• A little penguin on its nest (eggs concealed), as seen through a burrowscope, Taumaka, September 2016. Image: Colin Miskelly, Te Papa
  • A fur seal pup as seen through a burrowscope, Taumaka, September 2016. Image: Colin Miskelly, Te Papa
  • A tawaki incubating its two eggs, as seen through a burrowscope, Taumaka, September 2016. Image: Colin Miskelly, Te Papa

A Te Papa research team visited Taumaka, 4 km off the South Westland coast last month as part of a project investigating why some New Zealand seabirds breed in winter. Our focus while on Taumaka was tawaki / Fiordland crested penguin and korora / little penguin, and was undertaken with the permission of Taumaka me… Read more »

Clive Roberts and one tiny iota fish

  • Yellowtail triplefin (Matanui profundum). Image: Te Papa
  • Clive Roberts during a Chatham Islands fish survey, c.1994. Image: Te Papa
  • Thalasseleotris iota, Mokohinau Islands. Image: Kendall Clements
  • Roberts’ eelpout (Seleniolycus robertsi), Ross Dependency. Image: Andrew Stewart, Te Papa

Clive Roberts is a fish biologist who joined the National Museum in 1990, shortly before it evolved into Te Papa. He has particular interests in the identification and distribution of New Zealand fishes within the wider Pacific region. This has included surveys of deep reefs, oceanic ridges and seamounts, and cataloguing the diversity of deep-sea… Read more »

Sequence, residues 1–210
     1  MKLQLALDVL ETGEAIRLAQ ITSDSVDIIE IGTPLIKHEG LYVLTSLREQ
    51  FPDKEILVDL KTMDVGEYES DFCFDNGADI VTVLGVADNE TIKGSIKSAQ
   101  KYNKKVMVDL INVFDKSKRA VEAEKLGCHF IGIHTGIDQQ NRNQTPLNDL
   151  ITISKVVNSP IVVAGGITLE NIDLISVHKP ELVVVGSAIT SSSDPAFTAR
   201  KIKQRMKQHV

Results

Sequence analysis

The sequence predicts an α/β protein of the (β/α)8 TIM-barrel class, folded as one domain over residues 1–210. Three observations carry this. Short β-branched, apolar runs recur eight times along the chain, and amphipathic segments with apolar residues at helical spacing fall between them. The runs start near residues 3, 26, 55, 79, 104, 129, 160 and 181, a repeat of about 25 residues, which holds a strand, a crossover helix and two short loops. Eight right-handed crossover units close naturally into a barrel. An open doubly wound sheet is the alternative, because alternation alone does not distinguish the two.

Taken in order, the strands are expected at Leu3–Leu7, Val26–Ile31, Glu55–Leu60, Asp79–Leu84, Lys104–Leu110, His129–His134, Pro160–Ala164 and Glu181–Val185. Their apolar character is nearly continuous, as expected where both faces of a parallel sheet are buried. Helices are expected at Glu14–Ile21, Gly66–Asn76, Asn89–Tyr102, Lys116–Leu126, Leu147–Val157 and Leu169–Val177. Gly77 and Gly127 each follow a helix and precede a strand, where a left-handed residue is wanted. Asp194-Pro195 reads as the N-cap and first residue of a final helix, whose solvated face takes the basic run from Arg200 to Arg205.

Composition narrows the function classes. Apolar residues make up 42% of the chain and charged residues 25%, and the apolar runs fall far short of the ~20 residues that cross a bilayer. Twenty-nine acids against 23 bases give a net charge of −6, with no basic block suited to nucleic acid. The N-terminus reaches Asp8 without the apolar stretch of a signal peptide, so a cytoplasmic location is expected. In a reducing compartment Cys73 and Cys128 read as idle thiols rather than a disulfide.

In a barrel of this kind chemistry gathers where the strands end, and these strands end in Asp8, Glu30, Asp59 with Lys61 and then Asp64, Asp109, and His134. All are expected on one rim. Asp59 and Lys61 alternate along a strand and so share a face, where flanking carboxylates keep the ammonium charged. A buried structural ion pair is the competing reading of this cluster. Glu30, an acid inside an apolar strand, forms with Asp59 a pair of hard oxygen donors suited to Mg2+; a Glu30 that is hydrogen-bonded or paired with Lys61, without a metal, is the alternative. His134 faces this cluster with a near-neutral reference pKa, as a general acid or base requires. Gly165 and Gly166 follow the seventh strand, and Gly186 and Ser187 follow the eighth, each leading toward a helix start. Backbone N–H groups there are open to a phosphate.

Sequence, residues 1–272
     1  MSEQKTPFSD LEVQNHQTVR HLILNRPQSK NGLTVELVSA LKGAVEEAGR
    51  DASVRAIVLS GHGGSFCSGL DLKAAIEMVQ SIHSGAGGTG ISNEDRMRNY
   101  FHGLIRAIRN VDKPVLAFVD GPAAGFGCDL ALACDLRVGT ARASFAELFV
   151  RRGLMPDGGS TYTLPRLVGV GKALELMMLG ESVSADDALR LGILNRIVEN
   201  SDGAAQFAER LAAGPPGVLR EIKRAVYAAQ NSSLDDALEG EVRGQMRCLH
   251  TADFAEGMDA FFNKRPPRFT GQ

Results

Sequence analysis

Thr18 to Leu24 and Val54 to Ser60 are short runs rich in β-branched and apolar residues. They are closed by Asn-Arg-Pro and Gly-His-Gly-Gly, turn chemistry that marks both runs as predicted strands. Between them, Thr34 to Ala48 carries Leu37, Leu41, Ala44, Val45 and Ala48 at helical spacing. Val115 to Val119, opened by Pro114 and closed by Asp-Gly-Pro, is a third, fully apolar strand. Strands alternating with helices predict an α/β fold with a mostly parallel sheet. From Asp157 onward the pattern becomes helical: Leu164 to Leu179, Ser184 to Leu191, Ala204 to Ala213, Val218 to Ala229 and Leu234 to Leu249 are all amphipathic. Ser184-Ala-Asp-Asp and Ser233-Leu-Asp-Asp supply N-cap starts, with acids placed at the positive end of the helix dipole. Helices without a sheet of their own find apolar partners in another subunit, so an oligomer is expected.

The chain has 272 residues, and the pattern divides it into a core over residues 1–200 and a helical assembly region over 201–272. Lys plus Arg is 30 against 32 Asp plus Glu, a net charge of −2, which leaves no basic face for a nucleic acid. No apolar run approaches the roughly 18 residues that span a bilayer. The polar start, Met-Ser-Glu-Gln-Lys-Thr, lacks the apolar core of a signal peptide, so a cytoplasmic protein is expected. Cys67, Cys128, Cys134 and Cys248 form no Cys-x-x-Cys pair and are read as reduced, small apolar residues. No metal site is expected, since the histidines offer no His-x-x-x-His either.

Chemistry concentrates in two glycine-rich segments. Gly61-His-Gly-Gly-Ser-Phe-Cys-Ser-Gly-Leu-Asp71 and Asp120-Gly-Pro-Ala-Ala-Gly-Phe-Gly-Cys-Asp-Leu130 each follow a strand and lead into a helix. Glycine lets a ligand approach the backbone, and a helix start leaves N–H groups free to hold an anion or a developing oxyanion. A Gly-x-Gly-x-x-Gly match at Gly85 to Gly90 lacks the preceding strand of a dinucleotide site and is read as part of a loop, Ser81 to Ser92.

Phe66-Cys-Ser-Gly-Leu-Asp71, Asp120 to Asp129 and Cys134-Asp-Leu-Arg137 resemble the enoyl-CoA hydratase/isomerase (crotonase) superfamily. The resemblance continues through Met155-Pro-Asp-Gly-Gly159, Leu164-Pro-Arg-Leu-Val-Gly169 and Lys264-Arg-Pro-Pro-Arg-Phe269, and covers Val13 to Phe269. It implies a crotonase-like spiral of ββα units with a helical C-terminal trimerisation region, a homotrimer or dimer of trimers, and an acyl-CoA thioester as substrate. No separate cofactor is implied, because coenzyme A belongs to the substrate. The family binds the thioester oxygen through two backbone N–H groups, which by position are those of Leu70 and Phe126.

Pat Brownsey and the cave-dwelling spleenwort

  • Cave spleenwort (Asplenium cimmeriorum). Image: Leon Perrie, Te Papa
  • Pat Brownsey. Research Fellow at Te Papa. Photo Norm Heke. © Te Papa.
  • Poor Knights spleenwort, Tatua Peak, Aorangi, Poor Knights Islands. Image: Colin Miskelly, Te Papa
  • Pat Brownsey and Antony Kusabs searching for mosses in a vineyard (yeah right). Waipukurau Bryophyte Foray, December 2011. Image: Leon Perrie, Te Papa

Pat Brownsey is a fern specialist who joined the National Museum (now Te Papa) botany team in 1977, and is still finding fern mysteries to solve. Pat moved to New Zealand in 1973 after completing a PhD on ferns at the University of Leeds. The abundance and diversity of ferns in Aotearoa has kept him… Read more »

Bruce Marshall and the volcanic vent mussel

  • Bathyxylophila excelsa holotype. North-east of Mernoo Bank, Chatham Rise; Te Papa M.075126. Te Papa image MA_I033908
  • A 19-year-old Bruce Marshall collecting fossil molluscs from the classic roadside fossil locality at Te Piki, between Whangaparaoa and Hicks Bay, in 1967. Image: Graham Spence, courtesy of Bruce Marshall, Te Papa
  • Bed of living Vulcanidas insolatus covered in bacteria, photographed in sunlight (submersible lights off ) at 140 m on the summit of the Giggenbach volcano. Image: Terry Kirby, taken during PiscesV dive P5–618 on 15 April 2005; reproduced courtesy
of Cornel de Ronde, GNS Science.
  • Scissurella marshalli holotype. Three Kings Islands, reef between Great Island & Farmer Rocks; Te Papa M.093992. Te Papa image MA_I052178

Bruce Marshall is a self-taught malacologist (shell expert) who has worked at Te Papa, and the previous National Museum, since 1976. As collection manager of molluscs, Bruce is responsible for a vast collection of several million specimens representing more than 4,700 New Zealand species. These range in size from tiny snails 0.48 mm in length… Read more »